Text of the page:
Thursday, 22 August 2013

Heat danger for dogs

As summer approaches it is a good idea bear in mind that dogs need special care when the temperatures goes in to the thirties.
Dogs do not have an efficient system for cooling like humans or heat adapted animals such as Gemsbuck or Camels. Their sweat glands are in their paw pads and tongue and panting is their main way of sweating.
When temperatures reaches the high thirties watch out for the tell tale signs of approaching heat stroke:
Rapid panting and bright red gums and tongue as well as thick saliva are all danger signals.Look out for watery bloody stools,diarhoea and staggering.Lethargy and lack of coordination and vomitting are all signs of heat stroke.
Rapid treatment is required before your dog falls in to a coma followed by respiratory collapse and even death.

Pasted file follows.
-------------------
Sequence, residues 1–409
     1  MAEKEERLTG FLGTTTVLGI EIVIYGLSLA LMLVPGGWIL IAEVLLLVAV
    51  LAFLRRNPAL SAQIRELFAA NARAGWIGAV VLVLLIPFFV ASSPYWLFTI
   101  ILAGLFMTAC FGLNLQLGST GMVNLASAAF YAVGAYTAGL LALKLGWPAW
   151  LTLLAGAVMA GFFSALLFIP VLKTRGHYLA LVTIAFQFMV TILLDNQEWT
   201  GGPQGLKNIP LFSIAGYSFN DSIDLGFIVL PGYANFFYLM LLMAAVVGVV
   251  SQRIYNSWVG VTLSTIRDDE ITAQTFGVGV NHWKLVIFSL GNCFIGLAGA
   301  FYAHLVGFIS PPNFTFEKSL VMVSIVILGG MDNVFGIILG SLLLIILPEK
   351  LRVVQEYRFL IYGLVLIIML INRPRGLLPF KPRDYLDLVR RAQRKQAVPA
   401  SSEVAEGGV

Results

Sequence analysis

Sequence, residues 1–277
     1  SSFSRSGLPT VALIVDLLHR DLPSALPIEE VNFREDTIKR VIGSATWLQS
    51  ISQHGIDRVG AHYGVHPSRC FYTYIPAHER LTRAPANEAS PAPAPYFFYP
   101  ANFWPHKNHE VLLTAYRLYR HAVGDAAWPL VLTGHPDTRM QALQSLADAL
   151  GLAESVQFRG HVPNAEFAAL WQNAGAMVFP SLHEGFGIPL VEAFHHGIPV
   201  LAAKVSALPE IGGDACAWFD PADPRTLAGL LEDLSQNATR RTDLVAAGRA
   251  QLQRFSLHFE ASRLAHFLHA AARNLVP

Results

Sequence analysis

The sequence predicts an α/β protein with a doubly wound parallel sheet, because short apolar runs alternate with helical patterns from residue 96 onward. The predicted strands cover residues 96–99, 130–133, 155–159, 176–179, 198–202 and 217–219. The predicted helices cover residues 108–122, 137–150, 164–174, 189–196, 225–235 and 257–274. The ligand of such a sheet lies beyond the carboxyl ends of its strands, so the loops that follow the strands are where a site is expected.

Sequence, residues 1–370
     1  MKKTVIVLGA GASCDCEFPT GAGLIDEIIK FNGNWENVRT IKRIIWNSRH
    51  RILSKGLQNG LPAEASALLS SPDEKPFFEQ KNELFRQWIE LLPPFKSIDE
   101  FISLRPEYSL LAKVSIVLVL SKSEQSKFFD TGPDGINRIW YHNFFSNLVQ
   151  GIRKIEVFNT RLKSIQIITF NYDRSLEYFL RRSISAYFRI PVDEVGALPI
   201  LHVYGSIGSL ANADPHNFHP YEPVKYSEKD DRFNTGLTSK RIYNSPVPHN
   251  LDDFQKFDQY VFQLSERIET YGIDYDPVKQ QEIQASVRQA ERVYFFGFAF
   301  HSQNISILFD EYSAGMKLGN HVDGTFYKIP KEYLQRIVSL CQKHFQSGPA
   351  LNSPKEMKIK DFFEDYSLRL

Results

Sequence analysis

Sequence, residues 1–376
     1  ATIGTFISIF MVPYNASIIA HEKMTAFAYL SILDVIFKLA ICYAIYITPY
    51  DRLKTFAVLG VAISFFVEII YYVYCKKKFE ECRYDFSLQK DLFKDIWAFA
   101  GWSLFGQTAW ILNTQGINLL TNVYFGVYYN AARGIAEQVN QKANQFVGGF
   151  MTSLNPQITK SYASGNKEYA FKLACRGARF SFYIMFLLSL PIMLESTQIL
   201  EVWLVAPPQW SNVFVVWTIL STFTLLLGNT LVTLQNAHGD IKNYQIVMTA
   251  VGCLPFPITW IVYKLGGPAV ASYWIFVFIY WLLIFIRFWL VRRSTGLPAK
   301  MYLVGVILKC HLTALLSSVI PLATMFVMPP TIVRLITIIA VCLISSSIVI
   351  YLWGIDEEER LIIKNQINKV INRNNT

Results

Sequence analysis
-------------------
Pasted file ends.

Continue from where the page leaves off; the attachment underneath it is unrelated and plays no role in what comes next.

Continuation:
Avoid overheating by not exercising dogs in the heat of the day and keep its weight under control. Obese dogs suffer most. A muzzle could restrict a dog from panting causing a heat build up. Don't leave a dog in a car - even on a cool day! When it is pleasant 22 C sunny day outside, the temperature in a car can reach 47C in less than an hour, even with an open window and a sunshade up. Cruelty to animals is a criminal offence. You will also always remember that your dog suffred and died a cruel death. If you see a dog in a car on a hot day, please call the police. Some dogs are more prone to heatstroke: Older dogs, long hair breeds,dogs that are overweight or have short snouts. Treatment. If your dog shows any of the above symptons it must be treated as an emergency. Urgently lower their body temperature but do it gradually. Douse your dog with cool water(Not cold) or put him in a shower and run cool water over him. give him small amounts of cool water to drink and put him where there is a breeze or a fan.